Go West

2 minute read
Cynthia Dial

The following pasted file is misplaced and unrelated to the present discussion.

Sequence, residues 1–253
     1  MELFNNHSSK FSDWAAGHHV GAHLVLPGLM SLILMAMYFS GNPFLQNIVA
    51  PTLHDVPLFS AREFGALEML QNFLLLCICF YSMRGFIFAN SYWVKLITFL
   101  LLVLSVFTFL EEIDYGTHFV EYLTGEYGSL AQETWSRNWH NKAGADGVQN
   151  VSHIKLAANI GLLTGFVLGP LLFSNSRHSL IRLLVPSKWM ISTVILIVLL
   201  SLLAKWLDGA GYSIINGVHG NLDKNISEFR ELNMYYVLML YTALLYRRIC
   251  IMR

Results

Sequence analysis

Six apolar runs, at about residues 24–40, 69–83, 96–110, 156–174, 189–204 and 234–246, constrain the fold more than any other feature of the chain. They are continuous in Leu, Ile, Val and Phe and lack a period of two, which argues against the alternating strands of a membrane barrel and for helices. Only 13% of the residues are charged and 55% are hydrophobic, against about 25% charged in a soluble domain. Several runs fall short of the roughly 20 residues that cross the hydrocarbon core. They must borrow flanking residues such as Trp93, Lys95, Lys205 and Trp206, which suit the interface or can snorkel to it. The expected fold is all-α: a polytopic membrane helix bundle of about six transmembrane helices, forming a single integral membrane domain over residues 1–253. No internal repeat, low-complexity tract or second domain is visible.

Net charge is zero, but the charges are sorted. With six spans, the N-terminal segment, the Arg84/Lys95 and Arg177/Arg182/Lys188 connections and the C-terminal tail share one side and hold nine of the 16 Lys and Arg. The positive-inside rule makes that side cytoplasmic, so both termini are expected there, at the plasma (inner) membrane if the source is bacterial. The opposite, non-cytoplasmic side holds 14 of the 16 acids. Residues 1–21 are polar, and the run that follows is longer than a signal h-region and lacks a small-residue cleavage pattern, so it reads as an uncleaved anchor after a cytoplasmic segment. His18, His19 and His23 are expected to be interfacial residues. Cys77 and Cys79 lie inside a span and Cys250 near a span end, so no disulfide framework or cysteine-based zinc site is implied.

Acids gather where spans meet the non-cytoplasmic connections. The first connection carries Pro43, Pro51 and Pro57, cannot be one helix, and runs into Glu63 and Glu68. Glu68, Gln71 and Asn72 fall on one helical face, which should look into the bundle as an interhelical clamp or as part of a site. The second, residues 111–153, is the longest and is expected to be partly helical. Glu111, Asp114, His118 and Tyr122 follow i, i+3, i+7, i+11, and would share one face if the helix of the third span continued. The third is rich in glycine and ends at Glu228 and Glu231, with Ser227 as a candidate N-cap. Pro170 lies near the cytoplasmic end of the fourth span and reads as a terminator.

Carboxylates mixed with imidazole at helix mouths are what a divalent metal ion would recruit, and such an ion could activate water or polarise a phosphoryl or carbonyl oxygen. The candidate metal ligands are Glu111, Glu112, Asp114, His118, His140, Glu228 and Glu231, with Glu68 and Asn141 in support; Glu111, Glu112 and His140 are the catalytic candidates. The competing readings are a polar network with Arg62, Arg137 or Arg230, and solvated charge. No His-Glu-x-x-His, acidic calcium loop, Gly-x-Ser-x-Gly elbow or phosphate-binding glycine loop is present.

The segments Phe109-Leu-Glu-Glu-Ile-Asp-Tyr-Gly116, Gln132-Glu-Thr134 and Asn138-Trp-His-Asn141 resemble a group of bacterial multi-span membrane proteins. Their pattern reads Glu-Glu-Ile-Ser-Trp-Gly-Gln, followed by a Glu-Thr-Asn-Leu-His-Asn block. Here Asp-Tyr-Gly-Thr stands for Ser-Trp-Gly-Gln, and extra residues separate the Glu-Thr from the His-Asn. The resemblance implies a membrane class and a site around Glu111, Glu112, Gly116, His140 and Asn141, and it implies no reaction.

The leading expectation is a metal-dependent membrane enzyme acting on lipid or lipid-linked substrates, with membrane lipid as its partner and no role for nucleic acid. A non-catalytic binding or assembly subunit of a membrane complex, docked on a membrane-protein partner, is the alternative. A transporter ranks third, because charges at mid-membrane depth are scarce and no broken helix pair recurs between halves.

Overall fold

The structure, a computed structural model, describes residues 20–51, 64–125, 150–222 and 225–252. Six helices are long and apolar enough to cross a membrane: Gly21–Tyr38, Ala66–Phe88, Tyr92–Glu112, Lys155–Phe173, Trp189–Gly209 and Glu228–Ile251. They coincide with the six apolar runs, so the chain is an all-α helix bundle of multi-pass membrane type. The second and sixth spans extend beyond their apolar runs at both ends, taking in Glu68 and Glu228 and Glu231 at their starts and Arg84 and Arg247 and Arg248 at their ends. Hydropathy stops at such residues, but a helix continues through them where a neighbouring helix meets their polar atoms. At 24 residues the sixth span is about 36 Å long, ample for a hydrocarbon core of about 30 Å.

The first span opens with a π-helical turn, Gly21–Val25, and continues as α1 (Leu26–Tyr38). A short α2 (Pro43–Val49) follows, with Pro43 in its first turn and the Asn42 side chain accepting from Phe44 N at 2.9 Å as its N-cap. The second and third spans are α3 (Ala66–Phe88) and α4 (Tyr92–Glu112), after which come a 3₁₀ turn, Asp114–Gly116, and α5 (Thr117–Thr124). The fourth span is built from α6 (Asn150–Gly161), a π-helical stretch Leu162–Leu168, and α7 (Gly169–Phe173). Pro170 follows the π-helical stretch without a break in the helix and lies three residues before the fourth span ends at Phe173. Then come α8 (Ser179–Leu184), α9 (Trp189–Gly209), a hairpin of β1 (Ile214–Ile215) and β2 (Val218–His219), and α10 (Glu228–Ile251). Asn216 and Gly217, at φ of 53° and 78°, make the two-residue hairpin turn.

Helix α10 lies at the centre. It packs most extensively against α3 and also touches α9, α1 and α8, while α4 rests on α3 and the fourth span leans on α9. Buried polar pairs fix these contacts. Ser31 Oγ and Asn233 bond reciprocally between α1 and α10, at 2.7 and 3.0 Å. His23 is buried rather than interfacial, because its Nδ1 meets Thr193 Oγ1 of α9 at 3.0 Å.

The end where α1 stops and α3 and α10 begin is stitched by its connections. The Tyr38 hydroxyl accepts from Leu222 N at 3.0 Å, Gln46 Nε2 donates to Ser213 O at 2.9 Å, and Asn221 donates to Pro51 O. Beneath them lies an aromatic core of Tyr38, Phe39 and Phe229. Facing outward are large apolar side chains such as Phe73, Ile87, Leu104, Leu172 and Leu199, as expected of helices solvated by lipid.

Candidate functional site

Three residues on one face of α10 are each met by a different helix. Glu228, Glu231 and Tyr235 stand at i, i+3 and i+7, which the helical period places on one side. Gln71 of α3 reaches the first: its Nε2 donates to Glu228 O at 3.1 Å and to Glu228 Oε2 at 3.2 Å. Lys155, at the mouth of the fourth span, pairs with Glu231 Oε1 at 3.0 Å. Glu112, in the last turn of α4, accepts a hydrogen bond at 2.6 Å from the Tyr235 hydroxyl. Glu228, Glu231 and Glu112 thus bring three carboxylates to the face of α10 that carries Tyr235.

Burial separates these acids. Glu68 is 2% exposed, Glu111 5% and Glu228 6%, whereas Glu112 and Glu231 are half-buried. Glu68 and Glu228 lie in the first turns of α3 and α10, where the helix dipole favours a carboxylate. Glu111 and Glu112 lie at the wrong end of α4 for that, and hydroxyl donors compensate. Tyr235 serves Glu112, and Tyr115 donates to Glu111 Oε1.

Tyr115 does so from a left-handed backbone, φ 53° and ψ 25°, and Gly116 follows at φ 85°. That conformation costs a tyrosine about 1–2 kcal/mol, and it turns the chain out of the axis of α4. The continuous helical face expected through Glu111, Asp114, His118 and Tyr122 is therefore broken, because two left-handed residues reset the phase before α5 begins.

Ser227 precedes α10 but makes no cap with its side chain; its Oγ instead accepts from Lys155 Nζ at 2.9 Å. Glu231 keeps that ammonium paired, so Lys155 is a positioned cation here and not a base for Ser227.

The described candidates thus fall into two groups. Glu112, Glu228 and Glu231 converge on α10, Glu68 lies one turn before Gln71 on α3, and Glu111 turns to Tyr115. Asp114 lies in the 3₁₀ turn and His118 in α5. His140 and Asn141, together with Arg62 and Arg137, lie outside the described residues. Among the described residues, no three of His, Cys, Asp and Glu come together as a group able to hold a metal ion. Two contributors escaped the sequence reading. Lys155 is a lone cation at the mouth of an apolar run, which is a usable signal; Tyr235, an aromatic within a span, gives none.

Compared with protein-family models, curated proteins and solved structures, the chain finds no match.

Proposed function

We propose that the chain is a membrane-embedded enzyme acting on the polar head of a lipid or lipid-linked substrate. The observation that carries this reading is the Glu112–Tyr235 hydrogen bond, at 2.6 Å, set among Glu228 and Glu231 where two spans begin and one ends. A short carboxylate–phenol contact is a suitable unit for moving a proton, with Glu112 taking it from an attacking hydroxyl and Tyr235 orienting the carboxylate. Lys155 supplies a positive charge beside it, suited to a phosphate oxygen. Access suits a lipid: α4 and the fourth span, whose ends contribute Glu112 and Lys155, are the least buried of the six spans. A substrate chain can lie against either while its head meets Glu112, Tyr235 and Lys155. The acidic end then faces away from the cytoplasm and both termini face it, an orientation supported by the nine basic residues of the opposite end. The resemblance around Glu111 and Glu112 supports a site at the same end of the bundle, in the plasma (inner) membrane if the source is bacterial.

Next month is birthing season for North America’s bison, and then for elk, moose and deer. One of the best places to catch a glimpse of these native bovines is Wyominghome not only to Yellowstone National Park but also the Teton Mountains and the National Elk Refuge. Just to the south of these three ecological wonderlands is the 400-hectare Spring Creek Ranch (springcreekranch.com) at Jackson Hole. Under the guidance of Kurt Johnson, the ranch’s resident naturalist, and armed with spotting scopes and high-powered binoculars, guests get a backstage pass to Wyoming’s majestic menagerie. The kind of activity on view depends on the time of year. May’s awkward newborns turn into playful calves during Wyoming’s short-lived summer, gamboling through meadows of white phlox, buttercups and yellow bells. Fall features the fluttering of brilliant gold aspen and robust red cottonwood trees and the distinctive opportunity to hear elk buglingthe characteristic mating call of the bull elk. In winter, large animals move less, making them easier to spot; moose, deer, bison and thousands of elk are frequently sighted. Springtime, meanwhile, carries the tantalizing possibility of seeing bears emerge from their long hibernation. Whatever the season, there’s a Spring Creek safari to match. Half-day excursions start from $85. That’s pricier than a movie ticket to Brokeback Mountain, but this is nature on a screen far wider than any cinema’s.

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